Nige recalls some vintage songs banned by the BBC – including some, like a ditty by Cliff Edwards – with good reason…
Rattling around in my head, for reasons unknown, was one of Cole Porter’s less famous songs, The Physician. This witty – and very catchy – commentary on scientific reductionism (or is it Cartesian dualism?), written for the musical Nymph Errant, has the distinction of having been banned by the BBC in the 1930s.
Why? It’s hard to tell in this recording by Gertrude Lawrence, especially as she omits the rather saucier last stanza:
As it was dark,
I suggested we walk about
Before he returned to his post.
Once in the park,
I induced him to talk about
The thing I wanted the most.
He lingered on with me until morning,
Yet when I tried to pay him his fee,
He said, “Why, don’t be funny,
It is I who owe you money,”
But he never said he loved me.
I first heard The Physician on a highly entertaining CD of BBC-banned songs, Listen to the Banned. Some of them seem entirely innocuous, some are rather sweet – e.g. Let’s All Be Fairies by the Durium Dance Band…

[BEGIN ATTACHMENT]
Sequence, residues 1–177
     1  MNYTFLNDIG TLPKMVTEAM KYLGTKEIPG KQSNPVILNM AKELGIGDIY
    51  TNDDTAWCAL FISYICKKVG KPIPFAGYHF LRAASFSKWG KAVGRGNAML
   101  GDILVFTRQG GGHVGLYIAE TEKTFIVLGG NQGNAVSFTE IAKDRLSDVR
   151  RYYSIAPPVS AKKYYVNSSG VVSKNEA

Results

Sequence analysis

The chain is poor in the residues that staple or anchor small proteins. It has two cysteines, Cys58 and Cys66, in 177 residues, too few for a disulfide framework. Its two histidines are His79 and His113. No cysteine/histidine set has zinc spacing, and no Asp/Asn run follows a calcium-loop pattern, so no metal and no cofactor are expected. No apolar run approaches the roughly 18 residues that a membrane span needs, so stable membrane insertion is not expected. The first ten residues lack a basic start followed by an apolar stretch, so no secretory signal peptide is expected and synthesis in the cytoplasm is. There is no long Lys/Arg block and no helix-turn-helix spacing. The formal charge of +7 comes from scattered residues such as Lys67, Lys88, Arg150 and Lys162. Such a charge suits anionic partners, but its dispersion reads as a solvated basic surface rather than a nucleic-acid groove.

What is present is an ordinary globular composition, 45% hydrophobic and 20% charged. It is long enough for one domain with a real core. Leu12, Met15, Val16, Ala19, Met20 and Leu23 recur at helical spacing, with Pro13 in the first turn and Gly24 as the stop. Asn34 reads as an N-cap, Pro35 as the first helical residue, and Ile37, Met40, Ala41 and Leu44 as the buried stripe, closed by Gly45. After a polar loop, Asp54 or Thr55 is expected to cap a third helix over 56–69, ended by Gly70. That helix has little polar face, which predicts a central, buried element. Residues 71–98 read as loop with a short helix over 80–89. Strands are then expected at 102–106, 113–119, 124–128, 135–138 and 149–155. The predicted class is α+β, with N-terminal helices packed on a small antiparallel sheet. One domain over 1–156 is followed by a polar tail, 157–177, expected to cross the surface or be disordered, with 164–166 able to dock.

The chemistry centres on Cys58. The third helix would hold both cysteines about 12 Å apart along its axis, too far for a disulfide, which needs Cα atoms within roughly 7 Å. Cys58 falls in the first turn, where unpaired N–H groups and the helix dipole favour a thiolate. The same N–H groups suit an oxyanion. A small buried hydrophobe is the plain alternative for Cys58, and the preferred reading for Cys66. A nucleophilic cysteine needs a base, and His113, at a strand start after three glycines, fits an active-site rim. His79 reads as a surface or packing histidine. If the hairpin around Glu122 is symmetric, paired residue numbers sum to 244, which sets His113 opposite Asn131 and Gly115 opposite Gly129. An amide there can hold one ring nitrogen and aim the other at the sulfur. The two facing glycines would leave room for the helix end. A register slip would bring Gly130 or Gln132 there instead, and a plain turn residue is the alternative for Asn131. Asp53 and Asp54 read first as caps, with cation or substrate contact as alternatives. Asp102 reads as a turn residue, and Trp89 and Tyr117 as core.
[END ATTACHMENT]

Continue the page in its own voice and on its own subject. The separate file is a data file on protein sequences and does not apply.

…and others leave you wondering how they ever thought they’d get away with it. Exhibit A: Cliff Edwards’ I’m Going to Give It to Mary with Love (1936)…
I’ll let her take it right in her hand,
‘Cause I know that she’ll stroke it so grand.
Like Jack and Jill,
We’ll both get a thrill
When I give it to Mary with love: my little kitten,
I’ll give it to Mary with love.
Cliff Edwards, otherwise known as Ukulele Ike, was great friends with Buster Keaton, who featured him in three of his films and enjoyed jamming with him between takes.
One such session made it into the final cut of the 1930 film Doughboys – probably a mistake, as both men were in a bad way as a result of their respective addictions (Keaton booze, Edwards mostly drugs), but even in these sorry circumstances there’s something mesmeric about Buster. There always is.
Cliff Edwards, a man of many parts, went on to be the voice of Jiminy Cricket in Disney’s Pinocchio. He died in 1971, a penniless charity patient in a Hollywood hospital, and his body, unclaimed by anyone, was donated to the University of California medical school – but happily the Actors’ Fund of America intervened to purchase his remains and see to his burial. Disney paid for the grave marker.